- After around 16 kilometers, the two branches rejoin to form ‘Srirangam Island.’
- The “Grand Anicut” on the Cauvery branch is claimed to have been built by a Chola King in the first century A.D.
- The Cauvery branch splits into two, Cauvery and Vennar, below the Grand Anicut.
- These branches split and subdivide into smaller branches, forming a network that stretches over the delta.
- It is a significant Kaveri River tributary.
- It rises near Ballalarayana Durga in the Chikmagalur District of Karnataka, at an elevation of around 1219 meters, and runs through Chikkamagalooru, Hassan District, and Mysore District until entering the Kaveri near Krishnarajasagara.
- It’s about 245 kilometers long. At Gorur in the Hassan area, a big reservoir has been built on the river.
- It comes from the Devarayanadurga hills in the Tumkur District of Karnataka, at an elevation of 914 meters.
- It is one of the Kaveri River’s tributaries.
- On this river, there is a significant town called Maddur.
- Markonahalli Dam is a dam erected across the Shimsha River in Tumkur’s Kunigal Taluk.
- Shimshapura in Malavalli Taluk has a waterfall named Shimsha.
- The Shimsha Hydroelectric Project is also located here.
- This 161-kilometer-long river originates in the Nandi Hills in Karnataka’s Chikkaballapur district.
- It is a tributary of the Kaveri River, which it meets near Kanakapura, where it is known as Sangama in Kannada, after running through Kolar and Bangalore Rural districts.
- Near Kanivenarayanapura, the river empties into the Chikkarayappanahalli Lake.
- Numerous people flock to Sangama near Kanakapura to see the beautiful Chunchi waterfall on the Arkavathi River.
- The water comes from the Hesaraghatta (or Hesseraggatta) Reservoir and the Tippagondanahalli Reservoir, both of which are situated on the river (or T G Halli).
Tirthha Lakshmana River
- It rises from the Irupu Falls (sometimes Iruppu Falls) in the Brahmagiri Range in Karnataka’s Kodagu district, which borders Kerala’s Wayanad district.
- It then flows eastward into the Krishna Raja Sagara Lake, where it meets the Kaveri River.
- Its main tributary is Ramathirtha.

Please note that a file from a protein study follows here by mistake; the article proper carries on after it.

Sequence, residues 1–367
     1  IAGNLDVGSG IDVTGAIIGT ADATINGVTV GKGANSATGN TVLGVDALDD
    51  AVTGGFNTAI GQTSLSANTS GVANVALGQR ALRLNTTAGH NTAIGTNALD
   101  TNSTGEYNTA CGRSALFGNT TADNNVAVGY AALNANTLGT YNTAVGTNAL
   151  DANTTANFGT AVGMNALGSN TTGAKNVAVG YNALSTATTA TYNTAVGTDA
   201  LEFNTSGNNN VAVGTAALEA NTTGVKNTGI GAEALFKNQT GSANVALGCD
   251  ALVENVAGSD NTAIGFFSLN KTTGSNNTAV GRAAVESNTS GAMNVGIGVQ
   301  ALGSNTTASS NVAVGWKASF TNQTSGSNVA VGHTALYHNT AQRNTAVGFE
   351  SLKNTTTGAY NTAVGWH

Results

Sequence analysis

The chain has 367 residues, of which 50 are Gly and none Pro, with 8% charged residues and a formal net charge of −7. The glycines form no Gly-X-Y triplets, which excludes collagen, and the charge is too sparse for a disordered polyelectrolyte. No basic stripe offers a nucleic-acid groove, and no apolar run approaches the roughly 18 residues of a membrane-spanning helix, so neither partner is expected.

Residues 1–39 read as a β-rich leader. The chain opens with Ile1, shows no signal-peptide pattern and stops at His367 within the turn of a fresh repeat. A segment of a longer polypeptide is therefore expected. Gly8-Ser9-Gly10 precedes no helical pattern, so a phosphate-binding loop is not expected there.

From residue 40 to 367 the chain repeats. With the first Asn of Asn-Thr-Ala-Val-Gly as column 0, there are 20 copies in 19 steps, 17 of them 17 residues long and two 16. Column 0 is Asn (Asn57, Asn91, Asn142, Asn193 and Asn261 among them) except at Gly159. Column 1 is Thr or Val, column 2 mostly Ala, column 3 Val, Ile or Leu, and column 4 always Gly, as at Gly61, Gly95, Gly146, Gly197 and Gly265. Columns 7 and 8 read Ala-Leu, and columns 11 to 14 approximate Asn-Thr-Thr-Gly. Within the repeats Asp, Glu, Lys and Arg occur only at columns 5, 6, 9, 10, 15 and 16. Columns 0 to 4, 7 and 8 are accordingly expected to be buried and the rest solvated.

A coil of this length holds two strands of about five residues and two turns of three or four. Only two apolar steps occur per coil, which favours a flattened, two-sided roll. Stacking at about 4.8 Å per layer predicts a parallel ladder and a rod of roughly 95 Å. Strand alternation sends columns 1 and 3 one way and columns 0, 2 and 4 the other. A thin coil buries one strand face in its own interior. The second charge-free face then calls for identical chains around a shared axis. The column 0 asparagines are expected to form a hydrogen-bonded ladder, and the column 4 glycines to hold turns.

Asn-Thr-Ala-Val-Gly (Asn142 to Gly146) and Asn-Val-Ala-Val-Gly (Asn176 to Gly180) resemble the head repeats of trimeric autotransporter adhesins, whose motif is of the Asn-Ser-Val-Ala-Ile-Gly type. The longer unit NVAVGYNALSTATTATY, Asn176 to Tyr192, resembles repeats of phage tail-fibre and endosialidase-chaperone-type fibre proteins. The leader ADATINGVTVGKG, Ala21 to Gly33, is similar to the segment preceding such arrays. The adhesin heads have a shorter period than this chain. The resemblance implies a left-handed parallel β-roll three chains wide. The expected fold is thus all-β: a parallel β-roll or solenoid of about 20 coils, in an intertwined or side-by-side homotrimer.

- Kabini (also known as Kabani and Kapila) is a Kerala river that comes at the confluence of the Panamaram and Mananthavady rivers in the Pakramthalam hills of Wayanad District.
- The Kabini reservoir’s backwaters are teeming with species, especially in the summer when the water level drops, revealing lush grassy meadows.
- Kabini produces Kuruva Island, a 520-acre island with unique flora and fauna, after traveling two kilometers from the confluence of the Panamaram river.
- This 88-kilometer-long river originates in Karnataka’s Nasrur Ghat Range.
- It flows into the Kaveri River as a tributary.
- The catchment area of this river is around 1787 square kilometers.
- The Suvarnavathy dam is located near Attigulipura in the Chamarajanagar Taluk, about 3 kilometers from the Chikkahole reservoir project, across the Suvarnavathy River.
- Kanchinadi was its original name, but it was eventually changed to the name of the site where it empties into the Kaveri River.
- It originates in the Vellingiri hills of Tamil Nadu’s Western Ghats and flows into the Kaveri River.
- At Kodumudi in Erode District, the Noyyal joins the Cauvery River. Noyyal is another name for the location.
- The Kaveri River’s 173-kilometer-long tributary filled 32 tanks.
- The water flowing from the Noyyal was kept in these interconnected tanks.
- This 175-kilometer-long river, also known as Pournami, begins near the Kerala-Tamil Nadu boundary at the bottom of Manjampatti Valley, between the Annamalai and Palni hills in the Indira Gandhi Wildlife Sanctuary and National Park.
- At Amaravathinagar, it descends in a northerly route through Amaravathi Reservoir and Amaravathi Dam.
- The Erode District’s crops is nourished by this river.
- Because of the huge number of textile dyeing and bleaching units, the Amaravathi River and its basin, particularly in the neighborhood of Karur, are heavily exploited for industrial processing water and waste disposal, and as a result, are seriously contaminated.
River Kollidam ( also called Coleroon River)
- The Kollidam is a river in India’s southeast. The Kollidam is the Kaveri River’s northern distributary as it runs through Thanjavur’s delta.